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European Central Bank President Christine Lagarde speaks during the Informal Meeting of Economics and Finance Ministers in Berlin on Sept. 11, 2020.

The Canadian Press

The European Central Bank will focus on more emergency bond purchases and cheap loans for banks when it puts together its new stimulus package next month to help the pandemic-hit euro zone economy, ECB president Christine Lagarde said on Wednesday.

Ms. Lagarde said inflation in the 19-country bloc was now likely to remain negative for longer than expected as a second wave of the COVID-19 outbreak forces new restrictions on economic activity.

The ECB’s job was to keep borrowing costs sufficiently low for households, firms and governments and support the banking sector to prevent a credit crunch, she said, pointing to the bank’s Pandemic Emergency Purchase Programme and Targeted Longer-Term Refinancing Operations as its instruments of choice.

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“While all options are on the table, the PEPP and TLTROs have proven their effectiveness in the current environment and can be dynamically adjusted to react to how the pandemic evolves,” Ms. Lagarde said.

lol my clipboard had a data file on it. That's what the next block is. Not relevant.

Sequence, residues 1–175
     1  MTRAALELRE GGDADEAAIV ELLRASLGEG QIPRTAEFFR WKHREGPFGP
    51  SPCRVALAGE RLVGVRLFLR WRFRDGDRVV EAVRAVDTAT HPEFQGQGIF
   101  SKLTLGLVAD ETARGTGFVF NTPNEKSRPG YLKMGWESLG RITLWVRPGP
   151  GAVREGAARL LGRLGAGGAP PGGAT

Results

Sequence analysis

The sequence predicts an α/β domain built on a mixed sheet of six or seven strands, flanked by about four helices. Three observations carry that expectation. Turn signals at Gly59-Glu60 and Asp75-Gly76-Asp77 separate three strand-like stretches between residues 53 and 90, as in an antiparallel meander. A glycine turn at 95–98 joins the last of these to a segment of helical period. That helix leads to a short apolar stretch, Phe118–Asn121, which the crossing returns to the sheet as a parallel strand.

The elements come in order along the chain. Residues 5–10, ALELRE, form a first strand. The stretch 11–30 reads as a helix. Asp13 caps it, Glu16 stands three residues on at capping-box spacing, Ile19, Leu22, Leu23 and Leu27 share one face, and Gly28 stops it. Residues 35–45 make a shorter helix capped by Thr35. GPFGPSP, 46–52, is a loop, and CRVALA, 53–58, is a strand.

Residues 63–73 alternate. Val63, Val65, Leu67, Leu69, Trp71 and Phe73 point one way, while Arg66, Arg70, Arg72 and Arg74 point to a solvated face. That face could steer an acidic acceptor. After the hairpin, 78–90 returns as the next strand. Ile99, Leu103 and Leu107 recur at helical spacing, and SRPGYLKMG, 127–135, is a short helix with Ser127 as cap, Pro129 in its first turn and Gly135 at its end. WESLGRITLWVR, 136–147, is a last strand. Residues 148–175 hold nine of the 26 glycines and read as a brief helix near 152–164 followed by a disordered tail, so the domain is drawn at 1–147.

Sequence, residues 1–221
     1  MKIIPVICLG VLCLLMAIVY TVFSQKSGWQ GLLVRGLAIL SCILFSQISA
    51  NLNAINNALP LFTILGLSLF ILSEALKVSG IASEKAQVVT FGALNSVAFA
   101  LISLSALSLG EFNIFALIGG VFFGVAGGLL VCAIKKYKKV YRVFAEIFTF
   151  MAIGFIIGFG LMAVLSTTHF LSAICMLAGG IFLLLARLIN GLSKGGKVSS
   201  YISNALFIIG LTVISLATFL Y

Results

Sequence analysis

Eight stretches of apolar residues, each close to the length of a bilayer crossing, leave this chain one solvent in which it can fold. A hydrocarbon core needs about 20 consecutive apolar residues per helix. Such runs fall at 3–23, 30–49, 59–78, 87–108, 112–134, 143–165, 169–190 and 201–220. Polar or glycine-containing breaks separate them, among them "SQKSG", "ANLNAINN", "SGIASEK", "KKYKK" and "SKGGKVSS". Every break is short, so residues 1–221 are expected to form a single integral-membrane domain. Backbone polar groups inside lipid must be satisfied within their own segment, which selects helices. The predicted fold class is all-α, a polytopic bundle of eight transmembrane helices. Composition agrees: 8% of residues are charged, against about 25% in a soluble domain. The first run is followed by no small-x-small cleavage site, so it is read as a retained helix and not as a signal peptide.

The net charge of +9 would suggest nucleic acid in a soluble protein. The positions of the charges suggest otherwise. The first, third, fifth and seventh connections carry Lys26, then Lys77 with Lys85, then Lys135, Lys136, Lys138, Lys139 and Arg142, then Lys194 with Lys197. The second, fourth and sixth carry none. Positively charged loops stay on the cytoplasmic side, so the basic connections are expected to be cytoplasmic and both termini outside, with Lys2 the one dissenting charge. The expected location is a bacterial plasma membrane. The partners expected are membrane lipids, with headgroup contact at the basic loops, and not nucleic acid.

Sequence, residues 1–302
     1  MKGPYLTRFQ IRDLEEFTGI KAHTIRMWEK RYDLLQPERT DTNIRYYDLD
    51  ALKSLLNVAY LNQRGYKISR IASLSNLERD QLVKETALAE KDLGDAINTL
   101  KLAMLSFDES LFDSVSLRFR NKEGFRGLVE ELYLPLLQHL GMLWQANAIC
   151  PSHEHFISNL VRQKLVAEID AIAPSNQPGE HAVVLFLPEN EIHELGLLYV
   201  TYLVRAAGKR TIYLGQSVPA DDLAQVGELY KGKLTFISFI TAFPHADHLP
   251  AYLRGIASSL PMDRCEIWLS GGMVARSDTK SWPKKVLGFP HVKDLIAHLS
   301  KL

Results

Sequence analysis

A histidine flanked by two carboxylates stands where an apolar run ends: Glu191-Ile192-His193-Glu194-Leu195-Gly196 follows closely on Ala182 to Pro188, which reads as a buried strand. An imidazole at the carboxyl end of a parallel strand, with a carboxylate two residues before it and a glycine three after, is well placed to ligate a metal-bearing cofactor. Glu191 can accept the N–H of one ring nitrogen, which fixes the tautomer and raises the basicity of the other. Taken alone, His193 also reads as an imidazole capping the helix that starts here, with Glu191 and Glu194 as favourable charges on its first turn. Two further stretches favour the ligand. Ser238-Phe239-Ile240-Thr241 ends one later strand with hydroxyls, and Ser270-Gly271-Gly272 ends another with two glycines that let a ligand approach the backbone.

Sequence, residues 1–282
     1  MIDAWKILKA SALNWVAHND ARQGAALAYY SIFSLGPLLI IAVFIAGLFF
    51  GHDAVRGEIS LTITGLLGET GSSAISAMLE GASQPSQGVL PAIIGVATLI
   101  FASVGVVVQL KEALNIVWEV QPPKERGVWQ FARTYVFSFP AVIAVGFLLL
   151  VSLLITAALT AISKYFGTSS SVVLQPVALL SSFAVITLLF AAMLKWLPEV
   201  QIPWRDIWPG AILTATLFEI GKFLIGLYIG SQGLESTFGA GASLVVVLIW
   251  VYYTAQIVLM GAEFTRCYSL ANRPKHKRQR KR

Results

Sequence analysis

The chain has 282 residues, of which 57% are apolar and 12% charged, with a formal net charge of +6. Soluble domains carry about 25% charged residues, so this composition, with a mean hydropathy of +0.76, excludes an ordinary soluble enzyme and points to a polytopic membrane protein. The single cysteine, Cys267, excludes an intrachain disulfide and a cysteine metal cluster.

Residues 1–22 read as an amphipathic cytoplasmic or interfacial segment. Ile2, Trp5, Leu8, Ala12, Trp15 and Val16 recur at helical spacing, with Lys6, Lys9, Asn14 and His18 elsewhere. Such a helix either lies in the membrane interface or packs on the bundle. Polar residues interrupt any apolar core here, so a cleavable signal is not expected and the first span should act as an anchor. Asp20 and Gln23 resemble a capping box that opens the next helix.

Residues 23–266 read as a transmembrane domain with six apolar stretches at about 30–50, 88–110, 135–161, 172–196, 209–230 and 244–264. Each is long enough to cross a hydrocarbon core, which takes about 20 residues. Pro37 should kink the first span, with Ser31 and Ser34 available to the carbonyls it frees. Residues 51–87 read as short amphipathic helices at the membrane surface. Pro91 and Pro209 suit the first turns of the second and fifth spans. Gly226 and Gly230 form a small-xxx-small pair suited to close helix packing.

“They are therefore likely to remain the main tools for adjusting our monetary policy.”

Her comments confirmed what sources had told Reuters after the ECB’s Oct. 10 policy meeting and last week.

In a hint the ECB could extend both policies significantly, Ms. Lagarde emphasized “the duration of policy support” to ensure all parts of the economy would count on financing conditions remaining “exceptionally favourable.”

The ECB president poured cold water on rising investor optimism about a new vaccine after U.S. drug maker Pfizer Inc. said on Monday its experimental COVID-19 vaccine was more than 90 per cent effective based on initial trial results.

“While the latest news on a vaccine looks encouraging, we could still face recurring cycles of accelerating viral spread and tightening restrictions until widespread immunity is achieved,” she added.

Ms. Lagarde was kicking off the ECB’s annual symposium – held virtually this year due to the pandemic – at which the world’s top central bankers were due to discuss why monetary policy is not working as it used to and what role they might play in a changed world.

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